Lean on me

This write-up is not meant to stigmatize, perhaps point fingers at any group of persons or race but to bring to light a bit of the shadow we’ve been shunning. You have probably read messages and heard talks on this subject matter, but as said locally, “so many fish in a bowl of soup doesn’t make it wrong.” There are many things ongoing in the lives of the “so-called minority in society,” which are subconsciously mutating the young minds for the worst. Everyone seems to perceive that as the way to go — demeaning the other. We live in a society where we believe in peace and unity but always have discriminatory relations with the minority in society, physically challenged, the people of color and less privileged in the society. Well, the word “racist” has become a common word in the land today and is gradually becoming a way of demeaning one’s status(those who racially discriminate).

There is a fundamental concept in physics that doubles as an African proverb that says, “when you throw a ball to the wall, it surely bounces back to you,” this tries to make a point that the mitigation of the minority in the society and the black community shows how much discord we have amongst ourselves. We preach love, but all we do is to capitalize on that to feed us with hate and depravity. You will see blacks mocking blacks on the Internet for no apparent reason, depriving our fellow blacks of great opportunities just because we don’t trust the African minds enough. We kill ourselves and drive ourselves into rage and hate! Poor us! These acts subconsciously feed the mind of our upcoming generations with self-worthlessness, the pursuit to change their nature to fit the apparent standards of society, and so on. What we should be doing is to be constantly resounding the achievement of the “presumed less important” in the society as well as that of our great black heroes in the ears of the upcoming, at least this will decrease the margin of self-hate and inferiority on our community. Don t get it twisted, there are so many blacks who have broken the barriers by which we limit ourselves.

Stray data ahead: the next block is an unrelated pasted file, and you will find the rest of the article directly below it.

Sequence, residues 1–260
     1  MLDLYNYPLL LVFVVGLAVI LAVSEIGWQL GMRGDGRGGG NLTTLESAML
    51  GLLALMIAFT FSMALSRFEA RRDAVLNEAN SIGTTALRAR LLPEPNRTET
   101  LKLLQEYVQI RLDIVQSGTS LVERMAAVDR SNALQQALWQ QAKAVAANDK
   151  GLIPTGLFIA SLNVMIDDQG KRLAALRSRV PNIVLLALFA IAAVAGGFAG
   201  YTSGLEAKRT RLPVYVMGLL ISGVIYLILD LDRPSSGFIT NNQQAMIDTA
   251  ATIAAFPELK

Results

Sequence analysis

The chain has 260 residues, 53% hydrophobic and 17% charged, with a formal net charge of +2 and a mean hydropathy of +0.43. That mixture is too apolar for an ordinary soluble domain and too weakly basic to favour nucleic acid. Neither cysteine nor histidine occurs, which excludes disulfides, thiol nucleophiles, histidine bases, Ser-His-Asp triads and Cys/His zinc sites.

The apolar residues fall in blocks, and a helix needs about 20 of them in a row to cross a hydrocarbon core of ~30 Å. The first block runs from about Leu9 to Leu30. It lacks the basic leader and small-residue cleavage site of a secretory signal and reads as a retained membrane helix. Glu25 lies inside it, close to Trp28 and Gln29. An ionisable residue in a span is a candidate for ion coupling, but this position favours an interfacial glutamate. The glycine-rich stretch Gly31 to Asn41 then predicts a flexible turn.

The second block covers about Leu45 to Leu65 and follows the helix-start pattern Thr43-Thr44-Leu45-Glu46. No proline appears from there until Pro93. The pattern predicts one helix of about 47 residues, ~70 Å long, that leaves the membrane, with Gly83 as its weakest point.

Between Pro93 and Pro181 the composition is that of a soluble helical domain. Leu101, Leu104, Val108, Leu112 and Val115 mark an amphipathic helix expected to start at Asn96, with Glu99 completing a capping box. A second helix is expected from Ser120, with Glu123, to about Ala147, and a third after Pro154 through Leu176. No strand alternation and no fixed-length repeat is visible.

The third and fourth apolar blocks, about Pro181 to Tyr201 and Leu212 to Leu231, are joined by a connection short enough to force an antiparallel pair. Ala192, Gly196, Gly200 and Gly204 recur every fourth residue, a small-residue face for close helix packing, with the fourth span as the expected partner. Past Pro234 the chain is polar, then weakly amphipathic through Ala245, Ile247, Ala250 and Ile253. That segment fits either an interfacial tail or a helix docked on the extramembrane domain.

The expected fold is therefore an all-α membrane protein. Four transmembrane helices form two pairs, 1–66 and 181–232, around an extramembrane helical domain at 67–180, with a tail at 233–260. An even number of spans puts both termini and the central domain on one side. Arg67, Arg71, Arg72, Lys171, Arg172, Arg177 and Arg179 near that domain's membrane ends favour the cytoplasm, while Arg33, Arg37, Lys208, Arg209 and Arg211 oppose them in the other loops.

There is another Ghanaian adage that translates as “if you will be stung by an insect, it is definitely from the clothes you are wearing,” this helps me to make a point that, whether you are lagging or matching forward, it’s up to how much we carry on ourselves. Is it one that will make us keep looking back, or one who will spring us into altitudes? Learning from others to be like them is one of the best ways to improve on yourself, but don’t get it twisted. I think, trying to be like everyone who has made it will substantially veer us from our destination. What’s the gain when we all yield the same results or bear the same fruits. We should be diverse in thoughts, deed, and processes and even in our achievements to be valued for what we also have if the results appear to be the same. Let us stay true to who we are and be proud of who we are becoming.

Once again, this write-up is not meant to insight any group negatively. If we(black, white, brown, and any race) place genuine value on ourselves, that would bring enough respect, reduce over-dependence, and enforce communion amongst us.

…I just might have a problem you’ll understanding, we all need somebody to lean on…

Leave a Reply